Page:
With the power out in parts of the Midwest and the East for a fourth day, conservatives have noticed something alarming: Electric cars don’t work when there’s no electricity.
Turning the traditional “energy diversity” argument upside down, Hot Air’s Ed Morrissey suggests that gasoline-powered cars represent an important hedge against electrical outages, which can put subways and light rail lines out of commission:
Most internal-combustion vehicles can go 300 miles on a “full charge,” while their electric-only counterparts can only go one-tenth that distance. That’s usually enough of a range to get families to shelter where power exists to run air conditioning and provide food storage. … On the other hand, those who have no other transportation options except electric are stuck inside the emergency area.
I’m not sure where Morrissey is getting his numbers on how far an electric car will take you on a single charge. The Nissan Leaf’s range is estimated at 73 miles, not 30, and some versions of Tesla’s new Model S are advertised at 300 miles—about the same as a tank of gas.
Those quibbles aside, Morrissey has a point—sort of. He’s right that today’s electric cars won’t get you as far as gasoline-powered vehicles if the power goes out. And he’s right, in a very broad sense, that energy diversity is a good thing in case of emergencies.
But he ignores one obvious fact and overlooks another, less obvious one.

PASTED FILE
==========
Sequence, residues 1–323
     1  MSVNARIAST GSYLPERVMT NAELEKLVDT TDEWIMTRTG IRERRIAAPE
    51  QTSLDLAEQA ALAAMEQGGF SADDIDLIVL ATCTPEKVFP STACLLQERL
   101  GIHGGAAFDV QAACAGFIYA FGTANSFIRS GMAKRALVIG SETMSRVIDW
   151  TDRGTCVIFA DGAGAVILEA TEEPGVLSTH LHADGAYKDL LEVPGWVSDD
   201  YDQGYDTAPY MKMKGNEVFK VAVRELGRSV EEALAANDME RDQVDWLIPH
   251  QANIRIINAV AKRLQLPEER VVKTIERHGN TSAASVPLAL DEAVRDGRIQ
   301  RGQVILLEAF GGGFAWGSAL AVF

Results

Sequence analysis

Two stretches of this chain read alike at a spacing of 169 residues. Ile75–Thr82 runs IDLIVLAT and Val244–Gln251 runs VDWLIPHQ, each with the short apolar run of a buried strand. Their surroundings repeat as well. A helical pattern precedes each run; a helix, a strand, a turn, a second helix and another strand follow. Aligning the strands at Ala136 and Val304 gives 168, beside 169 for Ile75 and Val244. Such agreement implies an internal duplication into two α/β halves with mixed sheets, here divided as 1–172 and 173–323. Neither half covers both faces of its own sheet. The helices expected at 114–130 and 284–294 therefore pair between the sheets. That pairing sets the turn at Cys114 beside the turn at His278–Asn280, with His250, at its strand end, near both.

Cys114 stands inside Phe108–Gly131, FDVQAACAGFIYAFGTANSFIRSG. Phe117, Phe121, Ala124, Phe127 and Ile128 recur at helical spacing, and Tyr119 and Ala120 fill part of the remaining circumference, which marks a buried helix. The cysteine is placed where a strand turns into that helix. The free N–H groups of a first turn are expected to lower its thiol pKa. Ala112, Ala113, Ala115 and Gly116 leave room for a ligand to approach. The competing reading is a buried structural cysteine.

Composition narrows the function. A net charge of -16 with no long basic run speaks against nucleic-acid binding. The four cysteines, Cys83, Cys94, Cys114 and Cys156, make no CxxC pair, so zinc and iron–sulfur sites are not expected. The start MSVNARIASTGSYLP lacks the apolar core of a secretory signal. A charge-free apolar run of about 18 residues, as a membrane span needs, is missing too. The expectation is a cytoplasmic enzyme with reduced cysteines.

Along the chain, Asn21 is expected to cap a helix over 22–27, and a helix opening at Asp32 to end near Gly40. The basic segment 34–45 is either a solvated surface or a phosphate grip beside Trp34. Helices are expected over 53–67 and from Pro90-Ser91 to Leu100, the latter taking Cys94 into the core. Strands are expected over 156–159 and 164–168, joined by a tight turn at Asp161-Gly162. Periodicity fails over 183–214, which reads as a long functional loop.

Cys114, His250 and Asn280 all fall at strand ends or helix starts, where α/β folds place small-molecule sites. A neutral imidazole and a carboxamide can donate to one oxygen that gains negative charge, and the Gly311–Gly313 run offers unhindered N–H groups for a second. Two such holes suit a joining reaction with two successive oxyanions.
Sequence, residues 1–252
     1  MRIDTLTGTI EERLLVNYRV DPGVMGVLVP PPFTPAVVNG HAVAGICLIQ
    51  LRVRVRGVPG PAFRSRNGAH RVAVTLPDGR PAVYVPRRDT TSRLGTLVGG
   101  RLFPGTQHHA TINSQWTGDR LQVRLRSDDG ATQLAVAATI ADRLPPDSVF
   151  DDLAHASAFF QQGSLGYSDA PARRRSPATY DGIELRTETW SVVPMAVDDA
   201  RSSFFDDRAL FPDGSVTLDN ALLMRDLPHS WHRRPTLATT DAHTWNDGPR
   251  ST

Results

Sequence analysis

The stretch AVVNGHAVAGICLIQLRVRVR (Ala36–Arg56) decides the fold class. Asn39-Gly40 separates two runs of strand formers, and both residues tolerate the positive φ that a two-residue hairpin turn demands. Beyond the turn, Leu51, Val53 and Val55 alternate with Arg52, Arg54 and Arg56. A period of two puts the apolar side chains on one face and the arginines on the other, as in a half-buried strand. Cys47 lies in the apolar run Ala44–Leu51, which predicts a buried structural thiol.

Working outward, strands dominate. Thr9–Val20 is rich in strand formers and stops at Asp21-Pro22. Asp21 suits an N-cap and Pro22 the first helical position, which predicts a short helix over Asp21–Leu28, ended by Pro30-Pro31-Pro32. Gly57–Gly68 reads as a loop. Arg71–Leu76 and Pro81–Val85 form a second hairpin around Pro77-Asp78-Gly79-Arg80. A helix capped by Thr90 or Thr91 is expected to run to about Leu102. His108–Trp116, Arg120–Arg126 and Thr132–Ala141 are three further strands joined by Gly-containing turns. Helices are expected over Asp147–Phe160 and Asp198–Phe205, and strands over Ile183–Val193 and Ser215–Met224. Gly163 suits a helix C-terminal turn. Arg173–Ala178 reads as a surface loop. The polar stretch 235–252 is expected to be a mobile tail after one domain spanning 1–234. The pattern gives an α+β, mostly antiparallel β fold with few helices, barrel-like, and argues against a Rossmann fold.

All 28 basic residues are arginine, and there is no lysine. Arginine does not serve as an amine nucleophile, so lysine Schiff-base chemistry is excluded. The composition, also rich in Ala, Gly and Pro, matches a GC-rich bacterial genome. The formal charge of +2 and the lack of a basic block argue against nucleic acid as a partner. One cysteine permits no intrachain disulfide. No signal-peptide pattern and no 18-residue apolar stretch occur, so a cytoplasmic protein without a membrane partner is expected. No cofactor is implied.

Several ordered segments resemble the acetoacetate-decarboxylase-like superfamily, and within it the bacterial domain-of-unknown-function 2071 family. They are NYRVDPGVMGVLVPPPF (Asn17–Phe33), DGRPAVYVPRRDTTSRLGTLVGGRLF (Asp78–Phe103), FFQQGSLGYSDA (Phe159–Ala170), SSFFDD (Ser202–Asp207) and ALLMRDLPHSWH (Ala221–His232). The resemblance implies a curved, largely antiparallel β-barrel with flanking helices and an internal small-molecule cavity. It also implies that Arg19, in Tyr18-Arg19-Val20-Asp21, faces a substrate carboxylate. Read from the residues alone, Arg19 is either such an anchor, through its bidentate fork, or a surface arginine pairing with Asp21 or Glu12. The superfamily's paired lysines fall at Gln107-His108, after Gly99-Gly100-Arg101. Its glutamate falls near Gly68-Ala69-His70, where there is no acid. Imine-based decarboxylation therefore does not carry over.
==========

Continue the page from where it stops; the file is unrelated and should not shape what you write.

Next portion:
In arguing against an electric-car hegemony, he ignores the plain fact that plug-in electric cars make up less than one-tenth of 1 percent of today’s total U.S. market. Multiply that figure by 100 and you’ll have more energy diversity, not less.
Among those few households that already have an electric car, it’s a safe bet that most have a hybrid or gas-powered car as well. If Morrissey or anyone else can point me to a single, non-hypothetical household that has only electric vehicles and is now marooned in the outage area, I will gladly post an update here.
The less obvious point that Morrissey misses is that electric cars may have their own virtues in an electrical outage. Nissan has introduced a device in Japan that can actually turn the Leaf into a short-term backup power supply for your home. The Leaf reportedly stores enough power to supply an average Japanese home for about two days. While the average American home would surely drain the car a lot faster, electric vehicle owners could at least keep the lights on longer than their neighbors.
In that scenario, would the Leaf owners’ gloating become insufferable, leading them to be attacked by gas-can-wielding Ford F-150 partisans? I can’t wait for the next big power outage to find out.